Thursday, February 11, 2010

Fire Ants!!!!

You really never know what your day will be like at the Christian Zheng Sheng College, most especially when you are hamstrung by a lack of language skills. Not that this would change the chaos, it would just give you an extra ten minute heads up. Cantonese is such a surreal mix of ancient roots and crazy modern culture that I feel I am caught up in an Asian Mennonite tribe trying to learn low German with nine tones.
Today was another one of those 'another days' where I was pin-balling around the campus as life happened around me, and one change after another sent me careening from one situation to the next. Today was, in fact, the day of the, I mean BIG clean at the campus as everyone is preparing for the Lunar New Year. Every corner of the campus was being carefully scrutinized and sanitized for the festive season, which honestly leaves Christmas somewhat lacking. Lunar New Year just has so much history and culture behind it that Christmas feels like a cheesy ad trying to lure patrons back to its tinsel and commercial mayhem. Not that there isn't commercial mayhem here, with banks forming people into queues to get their crisp new banknotes for red packets, but I digress.
As I was wondering about trying to ascertain where my presence would be most useful Mr. Lao came up to me with an eager eyed student and asked if it would be OK for the students to "use the fire guns for the ants?" I was immediately intrigued, and even as I was about to query one of the numerous lines of questioning arising from his question I had a pretty decent idea of what was going on, but I also realized I needed to find out for myself exactly what was going on. Mr. Lao is a senior staff, and no slouch, but I was not going to hand off this assignment with a casual nod. No, I had to know. I told Mr. Lao it should be fine even as I headed off in the direction of the mayhem that must have been the cause of this request.
What I found was that a bunch of the desks ( a loose term) had been pulled back from the concrete wall that they normally back onto, and a fierce skirmish ensued as dozens of infuriated fire ants advanced upon the unsuspecting brothers. Seeing how, in our environment of schooled incarceration, any blip on the screen will be treated as a host of hostiles just to make life interesting, this was tailor made. Lines were quickly drawn and weapons swiftly brought to bear on the perceived antagonists who quit themselves admirably if the state of the study area gave any testimony. Unfortunately I arrived too late to take part in the main assault and was relegated to a minor role in the mop up operation. It was only when this was winding down that I caught wind of a second front. On the stairs of the kitchen there was a fiery confrontation taking place in very close quarters. The brothers had cornered their foe in a wooden cabinet door which already bore the scorch marks of the first few assaults. There was an inch and a half by one eighth gap in the plies of the plywood the enemy utilized to create a system of defensive tunnels. When I came upon the scene the brothers appeared to have it under control until I saw one of them beat the door on its corner with a jarring rap on the concrete. Cries of "WHAAAAA" (Cantonese for wtf, I'm sure) filled the air as fire ants literally poured out of the small gap in the door to meet their doom in a butane driven conflagration. Witnessing this left me little choice, I had to join in! When they put the door down to see if any more would come out I scooped it up and gestured for the "fire gun" which is a WD40 sized can of butane with a torch/ingniter on top that is like a low powered propane torch. With door and torch in hand I too bashed the enemy's stronghold on the floor, and gleefully incinerated the six legged troops who were, by this time, just trying to get clear of the carnage I'm sure. Not satisfied, though, I hoisted the door up and set upon the escape hatch with the torch until smoke was pouring from other pin holes, no doubt formed by the ants burrowing, and the bottom of the door was slowly being engulfed.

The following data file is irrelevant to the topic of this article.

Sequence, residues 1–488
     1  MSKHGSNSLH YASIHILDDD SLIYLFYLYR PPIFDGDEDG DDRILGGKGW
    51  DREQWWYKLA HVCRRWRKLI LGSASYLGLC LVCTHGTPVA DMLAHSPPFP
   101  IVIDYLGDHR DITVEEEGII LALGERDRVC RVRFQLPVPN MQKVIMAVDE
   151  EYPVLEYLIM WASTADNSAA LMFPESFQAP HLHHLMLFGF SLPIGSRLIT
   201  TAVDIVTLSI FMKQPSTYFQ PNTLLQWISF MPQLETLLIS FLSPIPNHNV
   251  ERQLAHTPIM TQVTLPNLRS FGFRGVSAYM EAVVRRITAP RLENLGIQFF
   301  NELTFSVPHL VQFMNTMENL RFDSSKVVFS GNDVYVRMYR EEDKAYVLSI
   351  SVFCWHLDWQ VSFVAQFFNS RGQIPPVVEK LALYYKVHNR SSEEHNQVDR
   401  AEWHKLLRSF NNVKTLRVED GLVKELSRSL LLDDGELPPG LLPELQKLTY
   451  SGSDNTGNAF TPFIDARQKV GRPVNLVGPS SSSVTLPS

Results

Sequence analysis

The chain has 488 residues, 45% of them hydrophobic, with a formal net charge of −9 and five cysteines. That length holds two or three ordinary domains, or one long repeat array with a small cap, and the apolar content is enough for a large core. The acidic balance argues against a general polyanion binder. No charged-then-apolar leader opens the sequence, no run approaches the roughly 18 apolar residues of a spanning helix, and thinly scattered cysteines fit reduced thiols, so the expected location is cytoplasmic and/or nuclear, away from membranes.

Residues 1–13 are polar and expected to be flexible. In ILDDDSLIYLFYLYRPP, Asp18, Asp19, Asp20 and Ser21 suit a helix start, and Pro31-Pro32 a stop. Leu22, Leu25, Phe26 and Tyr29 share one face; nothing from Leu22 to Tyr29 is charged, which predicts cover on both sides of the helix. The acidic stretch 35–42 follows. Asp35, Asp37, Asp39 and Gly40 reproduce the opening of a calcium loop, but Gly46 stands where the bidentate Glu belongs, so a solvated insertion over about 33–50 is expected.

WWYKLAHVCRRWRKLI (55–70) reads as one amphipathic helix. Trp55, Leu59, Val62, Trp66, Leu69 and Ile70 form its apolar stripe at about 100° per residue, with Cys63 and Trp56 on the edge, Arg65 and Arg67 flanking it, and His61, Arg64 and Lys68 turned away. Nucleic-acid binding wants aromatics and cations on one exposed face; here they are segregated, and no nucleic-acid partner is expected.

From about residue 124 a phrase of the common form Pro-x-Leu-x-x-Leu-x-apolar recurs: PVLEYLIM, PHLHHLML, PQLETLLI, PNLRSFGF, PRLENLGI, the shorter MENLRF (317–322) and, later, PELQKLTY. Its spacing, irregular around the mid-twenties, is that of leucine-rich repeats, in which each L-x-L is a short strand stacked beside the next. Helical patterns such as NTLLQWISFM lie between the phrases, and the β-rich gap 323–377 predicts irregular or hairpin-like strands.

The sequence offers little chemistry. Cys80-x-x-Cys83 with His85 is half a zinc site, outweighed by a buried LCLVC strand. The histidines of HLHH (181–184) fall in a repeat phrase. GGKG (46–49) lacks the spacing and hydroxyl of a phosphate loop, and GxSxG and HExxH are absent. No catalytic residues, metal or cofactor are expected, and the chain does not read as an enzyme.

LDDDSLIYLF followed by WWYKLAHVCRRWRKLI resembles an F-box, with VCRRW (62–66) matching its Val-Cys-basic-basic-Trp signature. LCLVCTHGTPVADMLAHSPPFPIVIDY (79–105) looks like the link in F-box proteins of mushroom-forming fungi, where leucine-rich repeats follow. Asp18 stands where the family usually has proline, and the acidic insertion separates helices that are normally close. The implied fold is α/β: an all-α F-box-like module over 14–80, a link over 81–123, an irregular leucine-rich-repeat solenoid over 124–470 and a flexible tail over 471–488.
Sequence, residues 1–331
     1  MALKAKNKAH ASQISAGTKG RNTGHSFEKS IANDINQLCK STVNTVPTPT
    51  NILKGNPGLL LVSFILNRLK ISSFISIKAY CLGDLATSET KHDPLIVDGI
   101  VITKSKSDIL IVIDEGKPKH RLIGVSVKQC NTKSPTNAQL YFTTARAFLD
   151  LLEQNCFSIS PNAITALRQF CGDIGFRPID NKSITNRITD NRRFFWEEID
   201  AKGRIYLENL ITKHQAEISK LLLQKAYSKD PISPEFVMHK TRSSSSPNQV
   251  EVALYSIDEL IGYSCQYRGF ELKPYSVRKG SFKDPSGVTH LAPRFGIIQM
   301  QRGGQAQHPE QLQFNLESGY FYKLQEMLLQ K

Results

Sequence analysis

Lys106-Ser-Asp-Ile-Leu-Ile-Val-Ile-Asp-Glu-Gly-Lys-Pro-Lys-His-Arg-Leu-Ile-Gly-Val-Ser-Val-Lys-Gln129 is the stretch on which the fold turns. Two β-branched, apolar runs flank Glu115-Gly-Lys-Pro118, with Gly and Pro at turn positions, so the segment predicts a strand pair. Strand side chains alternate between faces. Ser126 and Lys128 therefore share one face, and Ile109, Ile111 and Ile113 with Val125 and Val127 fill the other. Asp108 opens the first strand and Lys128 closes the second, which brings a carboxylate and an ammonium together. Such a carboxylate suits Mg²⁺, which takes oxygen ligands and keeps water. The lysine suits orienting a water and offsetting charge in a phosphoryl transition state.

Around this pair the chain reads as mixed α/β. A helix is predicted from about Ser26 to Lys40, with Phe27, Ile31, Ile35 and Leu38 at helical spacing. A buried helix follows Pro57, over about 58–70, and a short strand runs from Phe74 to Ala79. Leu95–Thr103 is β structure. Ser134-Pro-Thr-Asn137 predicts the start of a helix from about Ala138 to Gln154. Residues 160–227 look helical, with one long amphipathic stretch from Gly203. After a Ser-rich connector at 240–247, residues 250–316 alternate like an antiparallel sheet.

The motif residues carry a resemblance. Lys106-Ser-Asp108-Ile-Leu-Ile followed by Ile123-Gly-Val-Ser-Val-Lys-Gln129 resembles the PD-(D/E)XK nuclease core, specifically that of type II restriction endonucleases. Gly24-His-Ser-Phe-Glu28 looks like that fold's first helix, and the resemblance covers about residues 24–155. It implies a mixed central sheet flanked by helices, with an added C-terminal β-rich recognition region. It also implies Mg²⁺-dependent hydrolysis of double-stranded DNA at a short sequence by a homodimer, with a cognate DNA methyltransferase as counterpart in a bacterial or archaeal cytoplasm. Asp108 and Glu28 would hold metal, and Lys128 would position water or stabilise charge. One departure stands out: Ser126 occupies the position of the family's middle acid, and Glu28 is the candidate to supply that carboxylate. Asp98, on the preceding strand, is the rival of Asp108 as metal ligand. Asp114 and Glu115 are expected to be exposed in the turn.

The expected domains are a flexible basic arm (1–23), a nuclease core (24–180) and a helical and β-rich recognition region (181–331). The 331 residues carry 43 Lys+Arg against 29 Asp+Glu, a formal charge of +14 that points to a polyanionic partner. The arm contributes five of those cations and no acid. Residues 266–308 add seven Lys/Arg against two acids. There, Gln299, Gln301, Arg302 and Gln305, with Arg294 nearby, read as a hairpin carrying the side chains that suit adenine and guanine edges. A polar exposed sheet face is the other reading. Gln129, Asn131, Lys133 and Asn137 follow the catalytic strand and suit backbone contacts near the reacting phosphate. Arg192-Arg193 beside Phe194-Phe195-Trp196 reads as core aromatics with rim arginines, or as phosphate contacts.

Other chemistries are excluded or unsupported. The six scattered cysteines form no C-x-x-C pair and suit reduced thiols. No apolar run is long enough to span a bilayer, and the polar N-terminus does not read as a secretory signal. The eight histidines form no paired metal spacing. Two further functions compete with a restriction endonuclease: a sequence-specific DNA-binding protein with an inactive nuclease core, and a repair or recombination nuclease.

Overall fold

At this point I shut off the gun, and with a contented grin, handed the still flaming door to its owner. There were no cheers, or accolades, but the looks on all their faces gave it away. For this day I was still one of the boys.

1 comment:

Amrita said...

Sounds like a lot of fun....words not needed.